How to kill glow around bright stars?

I would like to talk to you about a technique I use for killing glow around bright stars when you accidentally image during a night that has more moisture in the air than you would think. I did that for almost 80x 300s subs trying out a new camera.

If you're like me you get annoyed and then go through all your subs to find the offending ones and then slap them into another folder just in case you need them (I label min "fog") and then most likely ignore them. But what if all of them are like that for an OSC, or you have data from another night that was say, your blue channel? What then?

After you do your stacking, stretching etc. in whatever program you like (I stacked in APP, stretched etc. in PI) you would want to bring your image into Photoshop to do it how I did.

Then you need to use the lasso tool and go around the offending star so it makes it and anything else a selection, and don't be afraid to get way out from it because you're only going to be suppressing one or two colors. Notice the "marching ants" in the first screenshot.

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Next, you're going to do Select > Color Range and pick in this case cyan since that is the strongest of the glow in there. Notice in the next screenshot that it is zoomed into where the offending glow is because that's what I selected with the lasso tool.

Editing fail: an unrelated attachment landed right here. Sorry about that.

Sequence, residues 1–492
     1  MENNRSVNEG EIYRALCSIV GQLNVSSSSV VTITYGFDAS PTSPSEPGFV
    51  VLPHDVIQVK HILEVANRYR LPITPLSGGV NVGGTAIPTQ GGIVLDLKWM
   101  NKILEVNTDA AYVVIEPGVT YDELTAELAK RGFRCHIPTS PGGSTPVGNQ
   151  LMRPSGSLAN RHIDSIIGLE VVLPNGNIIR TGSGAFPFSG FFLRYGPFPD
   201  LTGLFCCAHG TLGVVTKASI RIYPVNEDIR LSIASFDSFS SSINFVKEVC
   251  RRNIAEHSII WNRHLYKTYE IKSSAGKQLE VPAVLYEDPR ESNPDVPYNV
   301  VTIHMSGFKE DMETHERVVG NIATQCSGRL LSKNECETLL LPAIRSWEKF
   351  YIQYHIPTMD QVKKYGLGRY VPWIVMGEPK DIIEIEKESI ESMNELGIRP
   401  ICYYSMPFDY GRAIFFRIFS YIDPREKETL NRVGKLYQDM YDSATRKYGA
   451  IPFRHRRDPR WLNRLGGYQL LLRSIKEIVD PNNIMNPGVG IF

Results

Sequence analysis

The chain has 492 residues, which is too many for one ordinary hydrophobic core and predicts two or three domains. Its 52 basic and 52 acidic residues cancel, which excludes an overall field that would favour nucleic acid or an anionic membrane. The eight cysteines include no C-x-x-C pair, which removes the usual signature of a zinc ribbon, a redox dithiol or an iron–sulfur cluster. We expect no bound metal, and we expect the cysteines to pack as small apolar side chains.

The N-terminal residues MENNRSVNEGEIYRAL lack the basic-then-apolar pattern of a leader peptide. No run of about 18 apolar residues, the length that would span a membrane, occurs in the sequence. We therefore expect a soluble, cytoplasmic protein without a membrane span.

You will then hit OK to make the selection, then go over to the levels and select it. Notice that you should have a layer that shows your selection. Grab the middle triangle in the levels selection and slam that thing all the way over to the light side. I left it out so you can see what I did. Also notice you will start seeing that glow go.

Repeat the previous steps a couple times, but don't go so far that you ruin your star. Also, you will see an message about less than 50% of the pixels were selected. Ignore it. You may have to do an iteration or two of the second strongest color in the glow, which in this case was blue.

Remember to flatten then image each time. And then go to Selection > Reselect to get the area you want. You will see no indication that you actually selected the part that the Lasso tool got before until you make a new levels layer.

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You can also use this with the hue and saturation or the selective color adjustments to get what you desire and to maybe push some of the coloring back in to even things out or bring your star colors back up in the area.

So there you have it! Now instead of tossing something with a huge amount of glow from a star due to moisture in the area you can recover enough of it to make the difference between an image you would post and one you wouldn't. Why don't you give it a try and then post the before and after here? You can see how much of a difference this makes with my before and after shots!

Of course it wouldn't be right to make this post without tossing in a nice image I've gotten through Telescope Live, so here you go, M4 with a bunch of One-Click Observations during the summer.


This blog post was originally published in our Telescope Live Community.

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